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Lessmons

I was actually very pleased to watch this video (link here) about how people are leaving the LDS church in droves, and not because I take sadistic pleasure in seeing the numbers of LDS church membership decrease.  I think that the LDS church does in many ways serve as a positive force in the lives of some of my family and friends, and so I cannot with good conscience take joy in seeing it suffer.

But the reason that I can take pleasure in this news report is that, to me, it says that people are thinking for themselves.  They are learning about their church (as I did) and are questioning whether what the church says is really true.  I would definitely recommend this to anyone at any stage in life.  And it's not something that you just do once and you're done.  It's more of an ongoing thing that you should do at every stage of life.  Think about what you believe, why you believe it, and whether it's a good thing to believe--or whether it's a true thing to believe.

This is how progress is made in the world.  If people never stopped to think "Why do we treat black people like slaves but white people like people?" then we'd still have slaves and segregation.  If people never stopped to ask "Why is it that men are allowed to vote but not women" then men would still be the only ones making all of the political decisions.  We'd still be back in the primitive nomadic societies we had back in the earliest days of mankind.  It would not be a good thing.  So, let us question our beliefs.  Things that we think are "common sense" or "god-given truths", let us ask whether they really are.  Let us learn more about the world around us.  Reality is so much more exciting and wonderful than any fiction we can ever come up with.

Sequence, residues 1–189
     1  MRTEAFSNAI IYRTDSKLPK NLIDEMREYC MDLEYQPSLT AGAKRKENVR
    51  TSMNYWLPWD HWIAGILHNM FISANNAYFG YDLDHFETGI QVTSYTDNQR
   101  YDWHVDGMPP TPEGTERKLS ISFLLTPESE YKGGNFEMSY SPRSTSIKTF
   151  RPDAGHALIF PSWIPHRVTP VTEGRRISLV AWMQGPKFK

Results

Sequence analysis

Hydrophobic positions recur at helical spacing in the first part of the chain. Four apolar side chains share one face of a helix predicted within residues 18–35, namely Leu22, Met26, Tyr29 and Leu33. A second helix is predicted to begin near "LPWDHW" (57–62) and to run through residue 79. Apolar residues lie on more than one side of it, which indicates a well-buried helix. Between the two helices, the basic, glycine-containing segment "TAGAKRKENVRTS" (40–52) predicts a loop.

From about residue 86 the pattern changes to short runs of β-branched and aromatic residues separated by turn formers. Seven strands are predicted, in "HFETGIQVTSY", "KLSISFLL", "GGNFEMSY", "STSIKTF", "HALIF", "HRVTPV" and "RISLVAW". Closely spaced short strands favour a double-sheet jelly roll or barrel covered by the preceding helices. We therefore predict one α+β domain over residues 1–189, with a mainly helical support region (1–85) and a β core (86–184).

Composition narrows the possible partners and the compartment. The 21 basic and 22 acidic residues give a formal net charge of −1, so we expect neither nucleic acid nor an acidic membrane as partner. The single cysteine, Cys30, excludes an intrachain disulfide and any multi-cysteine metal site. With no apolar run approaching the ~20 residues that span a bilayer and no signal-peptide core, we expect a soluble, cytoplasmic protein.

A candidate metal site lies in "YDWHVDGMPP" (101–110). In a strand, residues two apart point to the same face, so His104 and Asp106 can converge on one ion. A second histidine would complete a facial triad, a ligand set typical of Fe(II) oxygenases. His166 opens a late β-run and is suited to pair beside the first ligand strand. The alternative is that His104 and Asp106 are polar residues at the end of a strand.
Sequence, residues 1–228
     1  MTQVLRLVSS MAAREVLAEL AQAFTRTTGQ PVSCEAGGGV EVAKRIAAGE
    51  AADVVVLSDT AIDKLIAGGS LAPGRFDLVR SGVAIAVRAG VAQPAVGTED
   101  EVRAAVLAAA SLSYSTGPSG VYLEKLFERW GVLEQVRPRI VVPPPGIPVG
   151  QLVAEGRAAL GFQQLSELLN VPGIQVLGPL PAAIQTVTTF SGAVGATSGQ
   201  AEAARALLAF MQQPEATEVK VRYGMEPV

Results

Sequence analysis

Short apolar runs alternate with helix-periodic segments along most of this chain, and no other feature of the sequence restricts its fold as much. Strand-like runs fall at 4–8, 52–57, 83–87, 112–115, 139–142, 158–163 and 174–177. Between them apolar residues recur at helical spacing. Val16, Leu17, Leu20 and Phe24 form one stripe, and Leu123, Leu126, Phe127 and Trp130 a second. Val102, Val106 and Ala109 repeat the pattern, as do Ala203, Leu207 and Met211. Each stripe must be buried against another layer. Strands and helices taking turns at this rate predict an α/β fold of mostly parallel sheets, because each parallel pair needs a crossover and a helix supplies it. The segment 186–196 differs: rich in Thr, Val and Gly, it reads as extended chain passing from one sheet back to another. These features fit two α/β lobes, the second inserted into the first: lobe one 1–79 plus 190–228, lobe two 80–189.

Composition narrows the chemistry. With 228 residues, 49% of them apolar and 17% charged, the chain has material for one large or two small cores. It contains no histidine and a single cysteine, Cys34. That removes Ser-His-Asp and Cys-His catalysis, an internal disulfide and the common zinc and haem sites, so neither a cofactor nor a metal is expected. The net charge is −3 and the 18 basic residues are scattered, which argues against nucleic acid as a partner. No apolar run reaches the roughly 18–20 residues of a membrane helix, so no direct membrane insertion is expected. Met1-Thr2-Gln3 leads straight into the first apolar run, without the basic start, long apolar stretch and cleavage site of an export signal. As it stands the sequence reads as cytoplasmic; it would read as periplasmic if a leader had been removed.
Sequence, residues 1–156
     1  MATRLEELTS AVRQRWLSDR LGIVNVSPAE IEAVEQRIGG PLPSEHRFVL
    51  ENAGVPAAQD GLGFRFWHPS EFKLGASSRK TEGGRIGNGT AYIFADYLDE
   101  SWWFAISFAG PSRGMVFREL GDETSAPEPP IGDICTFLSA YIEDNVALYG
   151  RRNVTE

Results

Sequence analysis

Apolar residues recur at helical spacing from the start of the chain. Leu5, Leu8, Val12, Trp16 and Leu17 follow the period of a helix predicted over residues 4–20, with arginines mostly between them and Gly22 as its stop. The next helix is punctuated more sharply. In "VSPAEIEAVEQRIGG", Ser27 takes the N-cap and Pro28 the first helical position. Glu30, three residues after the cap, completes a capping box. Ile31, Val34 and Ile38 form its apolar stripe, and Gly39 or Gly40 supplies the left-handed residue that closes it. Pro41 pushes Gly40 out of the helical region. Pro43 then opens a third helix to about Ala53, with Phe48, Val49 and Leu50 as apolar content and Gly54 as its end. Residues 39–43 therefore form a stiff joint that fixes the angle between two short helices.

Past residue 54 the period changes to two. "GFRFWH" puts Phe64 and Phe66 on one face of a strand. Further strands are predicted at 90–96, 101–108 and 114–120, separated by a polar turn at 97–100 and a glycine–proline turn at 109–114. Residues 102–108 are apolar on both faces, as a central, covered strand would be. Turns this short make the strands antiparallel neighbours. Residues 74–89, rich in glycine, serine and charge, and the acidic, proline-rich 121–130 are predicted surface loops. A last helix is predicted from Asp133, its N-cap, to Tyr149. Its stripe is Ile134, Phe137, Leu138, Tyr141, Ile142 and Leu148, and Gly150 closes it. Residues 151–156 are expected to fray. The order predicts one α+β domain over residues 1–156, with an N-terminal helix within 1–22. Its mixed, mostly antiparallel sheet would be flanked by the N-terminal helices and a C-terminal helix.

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"How was your morning?"
"It was good.  I went to the gym.  Then I grabbed a late breakfast at McDonald's on my way to work."
"Won't that cancel out?"
"Cancel what?"
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I understand the humor.  I laugh about it.  It's funny.  And I think humor is an important thing, and that we should all laugh a little bit more and be offended a little bit less.  And so I write this not up-in-arms, but in the attempts of perhaps reaching some of those who literally believe this line of reasoning.

To the person who asserts that eating "cancels out" going to the gym, I ask just this…